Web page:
Animals in Research
The use of animals for research, teaching or testing at the University of Toronto is subject to ethical and legal requirements under Ontario’s Animals for Research Act, and the federal Canadian Council on Animal Care. The fewest number of animals are used when necessary under conditions that ensure their proper care and welfare. Any proposed use of animals is contingent upon the 3Rs (reduction, replacement and refinement) being carefully considered prior to protocol submission.
Oversight of the Animal Care and Use Program at the University of Toronto is through the University Animal Care Committee (UACC), which is charged with developing policies, guidelines and standard operating procedures in compliance with the CCAC. It also advises the VP, Research and Innovation and other senior administrators on matters related to animal research.
The protocol review/approval process at the University of Toronto involves preparation and submission of an Animal Use Protocol by the principal investigator/course director to the appropriate Local Animal Care Committee (LACC) for full committee review. There must be an approved protocol for all procedures involving the use of vertebrates and higher form invertebrates (e.g. cephalopods) being used by faculty members, graduate and undergraduate students, research associates and all other personnel regardless of source of funding. Protocols for non-faculty members must be submitted under the name of the senior faculty member supervising the project.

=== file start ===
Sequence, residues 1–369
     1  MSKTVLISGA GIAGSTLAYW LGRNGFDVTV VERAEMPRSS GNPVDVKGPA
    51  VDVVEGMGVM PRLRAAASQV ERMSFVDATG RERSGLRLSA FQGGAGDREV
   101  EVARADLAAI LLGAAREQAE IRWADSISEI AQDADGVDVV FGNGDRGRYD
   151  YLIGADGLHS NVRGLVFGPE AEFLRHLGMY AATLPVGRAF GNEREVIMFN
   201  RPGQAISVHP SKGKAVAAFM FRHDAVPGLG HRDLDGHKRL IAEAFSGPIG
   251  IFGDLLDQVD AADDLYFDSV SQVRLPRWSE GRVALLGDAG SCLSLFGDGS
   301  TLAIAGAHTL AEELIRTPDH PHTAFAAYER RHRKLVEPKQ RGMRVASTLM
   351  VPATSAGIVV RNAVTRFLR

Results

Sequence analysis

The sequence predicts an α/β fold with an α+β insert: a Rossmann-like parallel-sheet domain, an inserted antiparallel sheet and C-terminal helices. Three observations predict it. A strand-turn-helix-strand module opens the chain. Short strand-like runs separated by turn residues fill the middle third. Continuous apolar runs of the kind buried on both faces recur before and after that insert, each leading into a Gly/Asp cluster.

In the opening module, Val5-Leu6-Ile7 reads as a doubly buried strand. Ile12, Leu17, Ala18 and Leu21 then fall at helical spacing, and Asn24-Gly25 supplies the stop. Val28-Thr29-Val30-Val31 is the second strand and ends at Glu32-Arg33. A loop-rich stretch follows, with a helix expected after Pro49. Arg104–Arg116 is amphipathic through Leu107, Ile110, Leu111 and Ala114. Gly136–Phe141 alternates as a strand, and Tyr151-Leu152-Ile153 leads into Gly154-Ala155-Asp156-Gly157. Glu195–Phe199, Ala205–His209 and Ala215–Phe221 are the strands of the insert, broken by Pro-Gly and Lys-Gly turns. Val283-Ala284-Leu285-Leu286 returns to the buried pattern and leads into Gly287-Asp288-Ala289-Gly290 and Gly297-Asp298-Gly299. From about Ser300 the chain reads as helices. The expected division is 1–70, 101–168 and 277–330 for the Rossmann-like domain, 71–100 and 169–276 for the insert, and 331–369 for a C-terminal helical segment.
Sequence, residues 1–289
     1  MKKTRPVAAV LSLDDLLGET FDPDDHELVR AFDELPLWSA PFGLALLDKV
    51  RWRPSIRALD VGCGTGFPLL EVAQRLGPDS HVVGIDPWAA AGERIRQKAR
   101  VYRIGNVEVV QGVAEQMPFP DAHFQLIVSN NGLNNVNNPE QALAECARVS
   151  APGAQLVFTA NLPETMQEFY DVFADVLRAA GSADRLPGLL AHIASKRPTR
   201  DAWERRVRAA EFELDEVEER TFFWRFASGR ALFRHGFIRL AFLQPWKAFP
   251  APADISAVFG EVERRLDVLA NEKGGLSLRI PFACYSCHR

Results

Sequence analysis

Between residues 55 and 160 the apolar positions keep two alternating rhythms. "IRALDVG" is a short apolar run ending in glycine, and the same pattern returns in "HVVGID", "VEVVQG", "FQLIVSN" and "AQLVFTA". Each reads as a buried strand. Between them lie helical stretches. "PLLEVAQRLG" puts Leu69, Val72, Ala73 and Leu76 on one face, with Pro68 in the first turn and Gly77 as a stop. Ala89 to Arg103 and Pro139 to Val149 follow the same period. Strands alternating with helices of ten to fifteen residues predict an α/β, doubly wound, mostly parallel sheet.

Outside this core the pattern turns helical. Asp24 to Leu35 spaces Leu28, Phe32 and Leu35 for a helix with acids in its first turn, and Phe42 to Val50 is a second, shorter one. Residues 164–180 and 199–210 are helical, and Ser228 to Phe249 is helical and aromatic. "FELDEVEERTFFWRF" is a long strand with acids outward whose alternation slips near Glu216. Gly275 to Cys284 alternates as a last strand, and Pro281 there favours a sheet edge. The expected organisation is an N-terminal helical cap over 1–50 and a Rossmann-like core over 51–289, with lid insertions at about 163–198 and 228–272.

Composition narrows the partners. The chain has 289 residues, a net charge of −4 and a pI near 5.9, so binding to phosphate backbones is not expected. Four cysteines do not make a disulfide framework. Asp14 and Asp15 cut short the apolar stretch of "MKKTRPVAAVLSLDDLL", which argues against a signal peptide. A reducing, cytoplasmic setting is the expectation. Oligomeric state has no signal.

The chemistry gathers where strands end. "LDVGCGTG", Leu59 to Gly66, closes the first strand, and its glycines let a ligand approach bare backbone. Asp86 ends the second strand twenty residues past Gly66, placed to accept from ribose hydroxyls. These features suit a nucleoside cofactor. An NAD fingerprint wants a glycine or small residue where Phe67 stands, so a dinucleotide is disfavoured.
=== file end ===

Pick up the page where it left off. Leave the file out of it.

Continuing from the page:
Any animal research or teaching project administered by the University, which is to be conducted in the field or in a non-affiliated university facility, must be covered by an approved protocol.
Approved protocols are subject to Post Approval Review (PAR) to collaboratively support researchers in providing the highest level of care for research animals and adherence to regulatory requirements. The PAR program includes ongoing support from veterinarians and animal facility staff, as well as scheduled on-site Quality Assurance visits.
All animal users must successfully complete all of the required modules of the Short Course on Animal Care prior to starting their work. More information can be found here.
For answers to some frequently asked questions, please click here.
Researchers’ Guides to Regulations: Animals
Ensuring excellence in animal welfare and regulatory compliance is a priority. To facilitate awareness of regulatory and animal care requirements, the following guides summarize key information into easy reference points for researchers:
(To access SOPs and Guidelines off-campus, you must sign in with a valid UTORid)
Standard Operating Procedures (SOPs) provide detailed directions for performing common tasks in a consistent manner and in accordance with animal research regulations. The Animal Use Protocol Form includes a section for listing SOPs relevant to the study.
Guidelines provide a general framework of regulatory requirements for specific aspects of animal research.
All animal research projects must undergo peer review of scientific merit prior to the use of animals. In most cases this occurs during the grant review process, and further review is usually not required. However, studies that have not previously undergone peer review require this review to be performed before the project can be approved.
U of T procedures include submitting a research proposal for the project for internal peer review. This may be in the format of an existing proposal that has been submitted to the sponsor or the format of a CIHR/NSERC proposal. The investigator is asked to provide the sponsor’s name, title of the project and animal protocol title with the proposal. The proposal should include the objectives, hypotheses, methods and contributions of the project. Additional documents that could assist with peer review, such as recent external peer reviews from unsuccessful funding applications, may also be submitted.